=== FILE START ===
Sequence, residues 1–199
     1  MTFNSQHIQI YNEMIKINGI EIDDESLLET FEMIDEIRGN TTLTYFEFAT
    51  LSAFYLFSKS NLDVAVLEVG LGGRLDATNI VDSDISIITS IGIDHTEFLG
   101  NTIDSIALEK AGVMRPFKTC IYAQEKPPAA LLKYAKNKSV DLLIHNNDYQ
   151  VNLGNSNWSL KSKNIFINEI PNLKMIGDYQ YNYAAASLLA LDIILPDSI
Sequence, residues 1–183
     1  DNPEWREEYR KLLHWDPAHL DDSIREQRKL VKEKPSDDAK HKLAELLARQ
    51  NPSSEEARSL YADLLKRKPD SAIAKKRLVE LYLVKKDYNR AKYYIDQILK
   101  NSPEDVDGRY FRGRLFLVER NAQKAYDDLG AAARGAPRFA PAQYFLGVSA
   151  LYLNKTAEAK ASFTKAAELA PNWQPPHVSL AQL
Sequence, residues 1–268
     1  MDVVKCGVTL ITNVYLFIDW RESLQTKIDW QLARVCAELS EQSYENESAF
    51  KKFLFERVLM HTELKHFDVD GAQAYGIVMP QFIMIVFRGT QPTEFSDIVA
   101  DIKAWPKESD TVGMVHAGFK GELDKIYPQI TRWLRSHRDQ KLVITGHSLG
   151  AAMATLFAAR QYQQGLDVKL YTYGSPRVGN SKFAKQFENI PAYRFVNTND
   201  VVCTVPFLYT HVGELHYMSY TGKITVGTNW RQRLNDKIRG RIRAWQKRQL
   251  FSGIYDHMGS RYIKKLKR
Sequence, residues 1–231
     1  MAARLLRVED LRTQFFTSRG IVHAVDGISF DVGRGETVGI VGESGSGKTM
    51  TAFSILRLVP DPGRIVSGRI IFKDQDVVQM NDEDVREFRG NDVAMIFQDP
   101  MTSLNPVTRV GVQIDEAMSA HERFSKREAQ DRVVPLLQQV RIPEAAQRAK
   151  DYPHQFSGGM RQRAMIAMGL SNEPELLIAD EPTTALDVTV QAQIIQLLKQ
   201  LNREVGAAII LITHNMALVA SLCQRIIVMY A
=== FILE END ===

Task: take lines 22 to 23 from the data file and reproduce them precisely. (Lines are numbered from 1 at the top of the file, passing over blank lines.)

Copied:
   151  DYPHQFSGGM RQRAMIAMGL SNEPELLIAD EPTTALDVTV QAQIIQLLKQ
   201  LNREVGAAII LITHNMALVA SLCQRIIVMY A